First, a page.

The concept of a random sequence is essential in probability theory and statistics. The concept generally relies on the notion of a sequence of random variables and many statistical discussions begin with the words "let X_{1},...,X_{n} be independent random variables...". Yet as D. H. Lehmer stated in 1951: "A random sequence is a vague notion... in which each term is unpredictable to the uninitiated and whose digits pass a certain number of tests traditional with statisticians".^{[1]}
Axiomatic probability theory deliberately avoids a definition of a random sequence.^{[2]} Traditional probability theory does not state if a specific sequence is random, but generally proceeds to discuss the properties of random variables and stochastic sequences assuming some definition of randomness. The Bourbaki school considered the statement "let us consider a random sequence" an abuse of language.^{[3]}
Émile Borel was one of the first mathematicians to formally address randomness in 1909.^{[4]} In 1919 Richard von Mises gave the first definition of algorithmic randomness, which was inspired by the law of large numbers, although he used the term collective rather than random sequence. Using the concept of the impossibility of a gambling system, von Mises defined an infinite sequence of zeros and ones as random if it is not biased by having the frequency stability property i.e. the frequency of zeros goes to 1/2 and every sub-sequence we can select from it by a "proper" method of selection is also not biased.^{[5]}
The sub-sequence selection criterion imposed by von Mises is important, because although 0101010101... is not biased, by selecting the odd positions, we get 000000... which is not random. Von Mises never totally formalized his definition of a proper selection rule for sub-sequences, but in 1940 Alonzo Church defined it as any recursive function which having read the first N elements of the sequence decides if it wants to select element number N+1. Church was a pioneer in the field of computable functions, and the definition he made relied on the Church Turing Thesis for computability.^{[6]} This definition is often called Mises-Church randomness.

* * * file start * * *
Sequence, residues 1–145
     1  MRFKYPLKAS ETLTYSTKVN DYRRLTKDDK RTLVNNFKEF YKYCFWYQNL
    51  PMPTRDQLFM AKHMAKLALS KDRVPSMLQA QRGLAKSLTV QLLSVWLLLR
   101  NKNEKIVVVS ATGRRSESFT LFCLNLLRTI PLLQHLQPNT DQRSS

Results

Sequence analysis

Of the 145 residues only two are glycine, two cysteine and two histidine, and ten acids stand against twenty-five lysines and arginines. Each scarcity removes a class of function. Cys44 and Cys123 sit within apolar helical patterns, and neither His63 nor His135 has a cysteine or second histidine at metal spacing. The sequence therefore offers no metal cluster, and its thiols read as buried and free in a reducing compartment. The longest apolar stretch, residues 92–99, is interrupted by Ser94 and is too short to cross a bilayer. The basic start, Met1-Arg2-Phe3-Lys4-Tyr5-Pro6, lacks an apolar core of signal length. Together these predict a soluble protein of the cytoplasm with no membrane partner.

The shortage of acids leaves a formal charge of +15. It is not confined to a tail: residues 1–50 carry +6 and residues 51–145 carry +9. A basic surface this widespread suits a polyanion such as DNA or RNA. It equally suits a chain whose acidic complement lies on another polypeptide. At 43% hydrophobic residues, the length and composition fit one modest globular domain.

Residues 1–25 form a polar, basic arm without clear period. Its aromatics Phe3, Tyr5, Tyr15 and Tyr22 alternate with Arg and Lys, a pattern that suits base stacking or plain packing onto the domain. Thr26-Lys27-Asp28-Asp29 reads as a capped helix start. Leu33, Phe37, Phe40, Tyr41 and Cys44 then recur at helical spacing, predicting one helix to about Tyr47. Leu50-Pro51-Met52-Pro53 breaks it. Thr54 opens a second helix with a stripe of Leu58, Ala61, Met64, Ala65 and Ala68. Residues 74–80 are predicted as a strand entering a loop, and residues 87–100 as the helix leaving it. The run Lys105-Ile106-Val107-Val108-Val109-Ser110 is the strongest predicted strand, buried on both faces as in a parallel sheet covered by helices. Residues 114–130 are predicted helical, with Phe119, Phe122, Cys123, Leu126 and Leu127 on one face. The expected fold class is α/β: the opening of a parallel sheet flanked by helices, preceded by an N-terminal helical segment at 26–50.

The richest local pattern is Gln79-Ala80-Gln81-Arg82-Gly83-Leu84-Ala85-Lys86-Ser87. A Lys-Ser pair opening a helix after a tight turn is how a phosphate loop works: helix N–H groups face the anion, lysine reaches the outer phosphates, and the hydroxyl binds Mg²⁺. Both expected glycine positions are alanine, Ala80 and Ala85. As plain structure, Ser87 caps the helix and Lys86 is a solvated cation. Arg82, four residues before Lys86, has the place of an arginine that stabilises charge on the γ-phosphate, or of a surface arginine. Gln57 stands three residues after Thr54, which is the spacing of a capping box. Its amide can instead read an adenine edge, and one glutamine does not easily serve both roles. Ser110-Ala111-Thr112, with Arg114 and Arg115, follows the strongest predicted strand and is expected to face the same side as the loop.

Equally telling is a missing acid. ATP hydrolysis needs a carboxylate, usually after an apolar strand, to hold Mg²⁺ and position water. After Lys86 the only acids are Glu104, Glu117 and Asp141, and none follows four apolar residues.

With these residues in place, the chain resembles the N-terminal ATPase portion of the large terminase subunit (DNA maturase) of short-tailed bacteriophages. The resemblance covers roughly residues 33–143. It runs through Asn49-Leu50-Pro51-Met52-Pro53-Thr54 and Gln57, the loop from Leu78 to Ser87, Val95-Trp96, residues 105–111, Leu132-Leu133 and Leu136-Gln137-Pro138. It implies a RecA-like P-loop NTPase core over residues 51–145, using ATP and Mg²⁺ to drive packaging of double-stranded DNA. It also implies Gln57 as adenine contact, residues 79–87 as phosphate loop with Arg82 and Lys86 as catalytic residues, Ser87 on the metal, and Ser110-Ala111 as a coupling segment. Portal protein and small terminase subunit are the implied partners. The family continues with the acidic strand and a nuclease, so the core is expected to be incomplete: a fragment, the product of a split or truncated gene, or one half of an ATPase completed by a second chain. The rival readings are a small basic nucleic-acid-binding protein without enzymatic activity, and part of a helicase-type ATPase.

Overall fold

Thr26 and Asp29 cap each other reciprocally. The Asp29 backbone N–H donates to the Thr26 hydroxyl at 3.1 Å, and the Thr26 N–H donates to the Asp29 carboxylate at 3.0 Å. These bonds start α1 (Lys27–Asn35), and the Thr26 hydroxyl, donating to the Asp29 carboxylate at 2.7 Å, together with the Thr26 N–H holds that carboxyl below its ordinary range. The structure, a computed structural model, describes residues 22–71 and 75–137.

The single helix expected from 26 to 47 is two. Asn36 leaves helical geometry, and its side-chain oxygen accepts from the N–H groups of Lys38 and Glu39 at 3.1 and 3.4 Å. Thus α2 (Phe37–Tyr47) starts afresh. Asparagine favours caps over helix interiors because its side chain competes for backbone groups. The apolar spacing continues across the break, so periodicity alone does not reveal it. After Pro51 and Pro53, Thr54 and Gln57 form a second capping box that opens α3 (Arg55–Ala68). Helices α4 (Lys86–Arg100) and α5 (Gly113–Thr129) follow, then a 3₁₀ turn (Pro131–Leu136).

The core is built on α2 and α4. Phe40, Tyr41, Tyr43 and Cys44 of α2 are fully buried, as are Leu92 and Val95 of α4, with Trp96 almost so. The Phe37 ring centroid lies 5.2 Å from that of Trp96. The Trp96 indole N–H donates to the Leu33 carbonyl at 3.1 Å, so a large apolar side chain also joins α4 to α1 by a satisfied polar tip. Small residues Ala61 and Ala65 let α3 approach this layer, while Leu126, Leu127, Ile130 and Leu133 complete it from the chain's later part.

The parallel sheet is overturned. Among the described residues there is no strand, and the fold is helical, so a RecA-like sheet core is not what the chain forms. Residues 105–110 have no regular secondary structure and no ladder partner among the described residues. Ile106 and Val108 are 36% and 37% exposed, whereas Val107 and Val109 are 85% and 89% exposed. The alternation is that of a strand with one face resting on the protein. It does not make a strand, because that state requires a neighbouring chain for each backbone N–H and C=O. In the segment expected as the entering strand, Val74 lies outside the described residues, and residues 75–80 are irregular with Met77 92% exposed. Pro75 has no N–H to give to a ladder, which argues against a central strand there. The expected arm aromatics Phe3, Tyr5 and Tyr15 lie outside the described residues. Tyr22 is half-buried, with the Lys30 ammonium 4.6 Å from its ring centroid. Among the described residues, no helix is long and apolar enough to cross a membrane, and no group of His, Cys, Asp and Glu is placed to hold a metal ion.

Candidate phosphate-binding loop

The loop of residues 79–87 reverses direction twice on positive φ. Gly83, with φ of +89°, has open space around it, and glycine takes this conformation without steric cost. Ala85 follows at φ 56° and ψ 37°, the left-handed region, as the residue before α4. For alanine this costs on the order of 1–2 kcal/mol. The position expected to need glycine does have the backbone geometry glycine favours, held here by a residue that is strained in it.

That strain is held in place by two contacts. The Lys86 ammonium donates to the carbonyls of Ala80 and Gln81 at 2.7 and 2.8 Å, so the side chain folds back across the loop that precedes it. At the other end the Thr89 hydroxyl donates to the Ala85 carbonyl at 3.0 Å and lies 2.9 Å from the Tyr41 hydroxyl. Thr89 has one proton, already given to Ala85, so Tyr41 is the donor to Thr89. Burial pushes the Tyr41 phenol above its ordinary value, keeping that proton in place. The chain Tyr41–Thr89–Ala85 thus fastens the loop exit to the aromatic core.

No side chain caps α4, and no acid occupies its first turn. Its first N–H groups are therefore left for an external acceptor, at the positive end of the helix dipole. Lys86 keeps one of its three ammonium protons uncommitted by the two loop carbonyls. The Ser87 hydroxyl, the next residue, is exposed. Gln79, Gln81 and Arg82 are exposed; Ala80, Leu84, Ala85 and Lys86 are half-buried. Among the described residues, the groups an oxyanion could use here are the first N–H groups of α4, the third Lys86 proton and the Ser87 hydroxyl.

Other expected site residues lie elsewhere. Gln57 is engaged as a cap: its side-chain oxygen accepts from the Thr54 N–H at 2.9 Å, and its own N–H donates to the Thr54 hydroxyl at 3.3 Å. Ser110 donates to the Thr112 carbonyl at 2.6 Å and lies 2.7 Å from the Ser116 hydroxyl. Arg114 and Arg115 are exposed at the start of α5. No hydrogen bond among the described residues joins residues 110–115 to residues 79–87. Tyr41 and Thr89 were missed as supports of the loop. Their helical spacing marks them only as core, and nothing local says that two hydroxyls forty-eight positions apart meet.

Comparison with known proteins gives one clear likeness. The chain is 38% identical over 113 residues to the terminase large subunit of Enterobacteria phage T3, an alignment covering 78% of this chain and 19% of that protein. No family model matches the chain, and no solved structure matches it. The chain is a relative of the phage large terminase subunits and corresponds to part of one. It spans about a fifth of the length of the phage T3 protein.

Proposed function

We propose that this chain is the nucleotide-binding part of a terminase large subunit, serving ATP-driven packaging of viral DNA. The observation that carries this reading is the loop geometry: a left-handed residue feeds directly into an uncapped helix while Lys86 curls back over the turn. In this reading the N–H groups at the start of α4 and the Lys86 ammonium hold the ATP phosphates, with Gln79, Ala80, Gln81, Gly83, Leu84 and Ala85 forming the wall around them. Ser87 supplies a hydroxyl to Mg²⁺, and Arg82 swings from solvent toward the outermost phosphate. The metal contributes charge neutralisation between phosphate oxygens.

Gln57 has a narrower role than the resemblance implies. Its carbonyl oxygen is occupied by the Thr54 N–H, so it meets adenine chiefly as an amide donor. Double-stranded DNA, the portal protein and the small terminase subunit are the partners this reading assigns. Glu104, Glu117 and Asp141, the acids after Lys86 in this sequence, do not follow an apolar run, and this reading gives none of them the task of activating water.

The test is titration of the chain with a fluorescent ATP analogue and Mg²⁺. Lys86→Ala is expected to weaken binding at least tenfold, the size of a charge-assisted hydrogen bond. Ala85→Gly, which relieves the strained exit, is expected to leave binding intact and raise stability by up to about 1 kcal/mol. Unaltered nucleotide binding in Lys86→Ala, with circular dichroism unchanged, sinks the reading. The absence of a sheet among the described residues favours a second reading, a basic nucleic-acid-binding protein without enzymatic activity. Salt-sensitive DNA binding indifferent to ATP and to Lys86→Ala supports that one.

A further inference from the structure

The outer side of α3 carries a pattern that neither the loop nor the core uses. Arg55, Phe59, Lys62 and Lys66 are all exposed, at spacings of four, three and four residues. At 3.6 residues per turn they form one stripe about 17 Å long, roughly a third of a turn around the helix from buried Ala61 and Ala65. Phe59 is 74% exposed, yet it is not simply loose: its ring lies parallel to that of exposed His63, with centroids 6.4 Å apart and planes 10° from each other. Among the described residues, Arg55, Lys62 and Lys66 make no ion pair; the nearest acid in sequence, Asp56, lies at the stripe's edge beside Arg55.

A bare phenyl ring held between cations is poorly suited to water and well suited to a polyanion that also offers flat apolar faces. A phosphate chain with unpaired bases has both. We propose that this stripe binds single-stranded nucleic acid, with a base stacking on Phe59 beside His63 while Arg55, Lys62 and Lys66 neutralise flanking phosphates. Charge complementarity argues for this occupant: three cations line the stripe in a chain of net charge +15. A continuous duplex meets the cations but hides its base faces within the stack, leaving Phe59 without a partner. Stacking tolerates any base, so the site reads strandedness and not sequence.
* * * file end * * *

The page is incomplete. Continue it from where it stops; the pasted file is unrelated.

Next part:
During the 20th century various technical approaches to defining random sequences were developed and now three distinct paradigms can be identified. In the mid 1960s, A. N. Kolmogorov and D. W. Loveland independently proposed a more permissive selection rule.^{[7]}^{[8]} In their view Church's recursive function definition was too restrictive in that it read the elements in order. Instead they proposed a rule based on a partially computable process which having read any N elements of the sequence, decides if it wants to select another element which has not been read yet. This definition is often called Kolmogorov-Loveland stochasticity. But this method was considered too weak by Alexander Shen who showed that there is a Kolmogorov-Loveland stochastic sequence which does not conform to the general notion of randomness.
In 1966 Per Martin-Löf introduced a new notion which is now generally considered the most satisfactory notion of algorithmic randomness. His original definition involved measure theory, but it was later shown that it can be expressed in terms of Kolmogorov complexity. Kolmogorov's definition of a random string was that it is random if has no description shorter than itself via a universal Turing machine.^{[9]}
Three basic paradigms for dealing with random sequences have now emerged:^{[10]}
In most cases, theorems relating the three paradigms (often equivalence) have been proven.^{[14]}
It is important to realize that for each of the definitions given above for infinite sequences, if one adds a billion zeros to the front of the random sequence the new sequence will still be considered random. Hence any application of these concepts to practical problems needs to be performed with care.^{[15]}
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